8 Reasons We Love the Porsche 928 (2 Reasons We Would Never Buy One)


Conceived as a pioneering flagship model with which the company could navigate its fortunes in the fast approaching 1980s, Porsche created the 928, a luxurious grand tourer as powerful as it is comfortable. Released in 1978, the Porsche 928 marked a clean break for the company from its usual road or racing designs, such as the 1974 911 RSR, on which the marque’s success had been built. that it faced notable, and now legendary, competition in the form of the BMW M1, Datsun 280Z and Corvette C3.

The first production Porsche to be powered by a V8, the enigmatic 928 came at just the right time as it stood out from its rear-engined brethren and offered genuine four-seat fun for those looking to haul luggage. With over forty years of driving under its tires, here are eight reasons we love the Porsche 928 and two reasons we’d never buy one.

ten It was to be a Porsche 911 replacement

Today, saying out loud the very idea of ​​replacing the iconic Porsche 911 with a front-mounted V8-powered grand tourer would have you leaving Stuttgart and more than likely kicked out of Germany. However, in the late 70s, that was exactly the plan.

Due to a huge drop in sales and interest in the 911 model, the bean counters at Porsche decided that a new, more conventional sport-tourer would appeal to those who simply didn’t buy into the idea of ​​a redesigned rear engine. curio.

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9 They look better than ever

When it was released, the Porsche 928 was a design statement. It featured recessed pop-up bare headlights and the large expanse of glass around the tail, and originally any lack of aero ornaments made it very sleek and just plain stunning.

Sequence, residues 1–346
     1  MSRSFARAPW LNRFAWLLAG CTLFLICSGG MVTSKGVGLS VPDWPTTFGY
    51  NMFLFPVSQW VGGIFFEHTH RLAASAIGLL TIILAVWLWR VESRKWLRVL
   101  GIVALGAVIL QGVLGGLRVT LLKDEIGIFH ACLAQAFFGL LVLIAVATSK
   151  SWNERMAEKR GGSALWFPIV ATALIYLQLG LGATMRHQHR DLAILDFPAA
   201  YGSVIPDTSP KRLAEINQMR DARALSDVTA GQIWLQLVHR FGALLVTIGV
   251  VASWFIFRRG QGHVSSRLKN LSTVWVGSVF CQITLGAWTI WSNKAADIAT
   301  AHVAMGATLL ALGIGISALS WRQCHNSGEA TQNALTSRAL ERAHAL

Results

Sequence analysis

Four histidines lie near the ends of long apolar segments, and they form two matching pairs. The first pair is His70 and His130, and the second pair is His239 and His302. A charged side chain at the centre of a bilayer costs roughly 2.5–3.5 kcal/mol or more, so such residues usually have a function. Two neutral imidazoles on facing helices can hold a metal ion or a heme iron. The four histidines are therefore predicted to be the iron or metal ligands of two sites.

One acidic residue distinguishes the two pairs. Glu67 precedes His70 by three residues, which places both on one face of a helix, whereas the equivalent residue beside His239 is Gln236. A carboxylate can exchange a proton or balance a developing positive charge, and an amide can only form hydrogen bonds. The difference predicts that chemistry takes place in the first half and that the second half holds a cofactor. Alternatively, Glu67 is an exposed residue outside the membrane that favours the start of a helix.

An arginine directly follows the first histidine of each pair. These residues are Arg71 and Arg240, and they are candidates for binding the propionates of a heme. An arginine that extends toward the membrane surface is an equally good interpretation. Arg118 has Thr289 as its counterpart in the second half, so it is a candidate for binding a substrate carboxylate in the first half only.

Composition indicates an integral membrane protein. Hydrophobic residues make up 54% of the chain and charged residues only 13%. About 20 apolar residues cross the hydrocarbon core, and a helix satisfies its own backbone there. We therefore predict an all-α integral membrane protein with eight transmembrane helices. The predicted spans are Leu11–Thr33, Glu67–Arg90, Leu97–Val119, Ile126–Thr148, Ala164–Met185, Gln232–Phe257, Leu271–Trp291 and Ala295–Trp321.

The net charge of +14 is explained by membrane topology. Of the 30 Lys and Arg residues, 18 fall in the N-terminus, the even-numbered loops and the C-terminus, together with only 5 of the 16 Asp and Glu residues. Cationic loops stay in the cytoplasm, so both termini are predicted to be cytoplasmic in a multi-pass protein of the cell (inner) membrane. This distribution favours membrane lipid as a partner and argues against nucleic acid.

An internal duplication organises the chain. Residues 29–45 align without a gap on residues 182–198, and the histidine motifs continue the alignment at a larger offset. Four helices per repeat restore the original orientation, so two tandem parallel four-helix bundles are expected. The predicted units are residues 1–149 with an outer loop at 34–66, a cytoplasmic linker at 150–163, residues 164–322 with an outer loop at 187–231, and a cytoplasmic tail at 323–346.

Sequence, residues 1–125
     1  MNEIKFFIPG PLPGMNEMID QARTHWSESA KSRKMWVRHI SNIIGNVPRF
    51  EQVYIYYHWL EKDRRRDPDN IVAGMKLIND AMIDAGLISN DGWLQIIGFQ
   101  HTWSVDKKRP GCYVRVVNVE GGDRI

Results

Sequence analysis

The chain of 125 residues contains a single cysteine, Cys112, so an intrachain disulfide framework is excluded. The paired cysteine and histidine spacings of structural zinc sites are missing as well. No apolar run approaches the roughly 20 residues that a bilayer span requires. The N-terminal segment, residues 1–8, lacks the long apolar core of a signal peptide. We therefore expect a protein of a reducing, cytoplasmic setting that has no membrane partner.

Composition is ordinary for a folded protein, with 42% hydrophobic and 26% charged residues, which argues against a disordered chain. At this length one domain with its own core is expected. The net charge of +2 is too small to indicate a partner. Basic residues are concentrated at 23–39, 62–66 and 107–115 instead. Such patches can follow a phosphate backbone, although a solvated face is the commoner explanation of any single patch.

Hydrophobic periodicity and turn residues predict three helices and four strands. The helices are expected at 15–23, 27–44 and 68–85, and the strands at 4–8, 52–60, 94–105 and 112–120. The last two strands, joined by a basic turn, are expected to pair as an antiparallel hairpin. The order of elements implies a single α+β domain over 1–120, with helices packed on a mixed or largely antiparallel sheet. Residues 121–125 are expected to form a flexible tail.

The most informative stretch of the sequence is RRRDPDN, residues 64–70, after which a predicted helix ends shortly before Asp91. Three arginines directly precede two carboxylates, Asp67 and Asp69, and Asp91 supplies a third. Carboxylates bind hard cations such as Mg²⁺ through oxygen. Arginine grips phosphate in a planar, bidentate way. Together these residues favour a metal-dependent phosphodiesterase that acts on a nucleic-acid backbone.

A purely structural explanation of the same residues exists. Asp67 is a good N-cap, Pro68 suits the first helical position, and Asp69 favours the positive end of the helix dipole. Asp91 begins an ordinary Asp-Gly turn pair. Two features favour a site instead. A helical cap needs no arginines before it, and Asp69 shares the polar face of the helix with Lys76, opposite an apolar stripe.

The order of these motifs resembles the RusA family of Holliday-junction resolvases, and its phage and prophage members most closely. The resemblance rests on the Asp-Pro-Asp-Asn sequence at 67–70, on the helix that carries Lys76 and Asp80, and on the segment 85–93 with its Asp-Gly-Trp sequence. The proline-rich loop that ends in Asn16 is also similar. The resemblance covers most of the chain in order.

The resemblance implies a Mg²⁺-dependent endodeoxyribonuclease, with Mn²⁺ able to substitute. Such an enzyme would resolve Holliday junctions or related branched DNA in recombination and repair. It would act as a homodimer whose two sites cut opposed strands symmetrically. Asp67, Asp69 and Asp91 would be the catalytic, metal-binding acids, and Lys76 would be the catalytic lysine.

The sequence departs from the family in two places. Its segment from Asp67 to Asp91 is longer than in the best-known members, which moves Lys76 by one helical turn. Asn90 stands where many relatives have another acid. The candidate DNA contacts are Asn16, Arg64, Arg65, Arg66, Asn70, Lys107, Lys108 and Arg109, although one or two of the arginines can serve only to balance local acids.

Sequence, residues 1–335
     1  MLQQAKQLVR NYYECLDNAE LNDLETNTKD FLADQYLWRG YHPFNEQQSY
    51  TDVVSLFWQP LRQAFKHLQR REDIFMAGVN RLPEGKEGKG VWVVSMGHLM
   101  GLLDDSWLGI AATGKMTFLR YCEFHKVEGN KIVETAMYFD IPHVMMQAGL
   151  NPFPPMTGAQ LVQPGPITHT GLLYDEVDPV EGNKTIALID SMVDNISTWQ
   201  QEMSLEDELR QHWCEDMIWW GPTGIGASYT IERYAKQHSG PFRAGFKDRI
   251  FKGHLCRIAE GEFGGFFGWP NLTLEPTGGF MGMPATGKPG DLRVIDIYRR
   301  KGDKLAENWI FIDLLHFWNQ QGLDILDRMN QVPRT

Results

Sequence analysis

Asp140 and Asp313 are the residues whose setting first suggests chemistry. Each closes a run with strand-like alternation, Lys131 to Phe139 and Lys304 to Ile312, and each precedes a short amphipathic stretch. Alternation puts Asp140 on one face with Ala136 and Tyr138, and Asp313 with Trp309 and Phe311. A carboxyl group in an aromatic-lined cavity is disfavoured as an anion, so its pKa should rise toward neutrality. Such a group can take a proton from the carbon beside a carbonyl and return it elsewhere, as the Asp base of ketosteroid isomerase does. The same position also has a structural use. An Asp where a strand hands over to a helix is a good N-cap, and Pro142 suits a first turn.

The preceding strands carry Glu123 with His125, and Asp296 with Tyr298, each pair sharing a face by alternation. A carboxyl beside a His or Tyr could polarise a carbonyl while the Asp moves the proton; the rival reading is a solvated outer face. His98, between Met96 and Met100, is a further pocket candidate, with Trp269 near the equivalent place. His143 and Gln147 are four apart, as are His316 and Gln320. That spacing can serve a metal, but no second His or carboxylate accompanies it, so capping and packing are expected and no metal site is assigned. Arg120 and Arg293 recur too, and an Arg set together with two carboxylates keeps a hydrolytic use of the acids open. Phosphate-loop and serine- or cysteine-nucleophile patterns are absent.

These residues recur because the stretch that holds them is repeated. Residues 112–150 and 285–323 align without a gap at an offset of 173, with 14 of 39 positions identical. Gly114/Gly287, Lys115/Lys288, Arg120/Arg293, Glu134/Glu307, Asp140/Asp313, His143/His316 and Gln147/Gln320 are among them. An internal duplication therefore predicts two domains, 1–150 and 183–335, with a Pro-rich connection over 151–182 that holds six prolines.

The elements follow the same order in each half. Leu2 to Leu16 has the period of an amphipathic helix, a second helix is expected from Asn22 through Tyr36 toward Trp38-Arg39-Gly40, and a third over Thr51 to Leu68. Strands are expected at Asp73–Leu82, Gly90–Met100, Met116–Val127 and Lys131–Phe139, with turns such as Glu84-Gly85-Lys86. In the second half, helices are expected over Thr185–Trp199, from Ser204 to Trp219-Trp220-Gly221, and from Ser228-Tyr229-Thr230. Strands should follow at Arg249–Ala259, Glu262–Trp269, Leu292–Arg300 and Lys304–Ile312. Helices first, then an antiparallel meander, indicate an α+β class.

On newer cars, the addition of a rear spoiler, some subtle aero tweaks and numerous changes to the wheels have all given the car a fresh look. Today, the Porsche 928 looks better than ever, with its 40-plus-year-old design trumping even most modern offerings.

8 The first Porsche V8

A groundbreaking car for Porsche, the 928 was their first foray into a V8-powered production car. The stock unit was a 4.5-liter single overhead cam generating 219 hp in North America and 237 hp in other markets.

Thanks to Porsche’s continued commitment to the platform, the V8 will grow over the years. Numerous revisions brought not only more power but greater reliability, with the last 5.4-litre units fitted to the cars in 1995 producing nearly 350 bhp.

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7 He held a land speed record

Featuring a custom-built 6.54-liter 32-valve engine that spit out a mighty 1110 hp and 956 lb-ft of torque, thanks in part to the Vortech supercharger, this 928 holds the crown of being the most fast in the world.

Nicknamed the Megalodon, it set a 2020 land speed record in its class at 234 mph. Not a one trick pony, “The Meg” had previously hit 216 mph in 2011 at the Bonneville Salt Flats and picked up victories at Pikes Peak for the fastest 2WD competitor.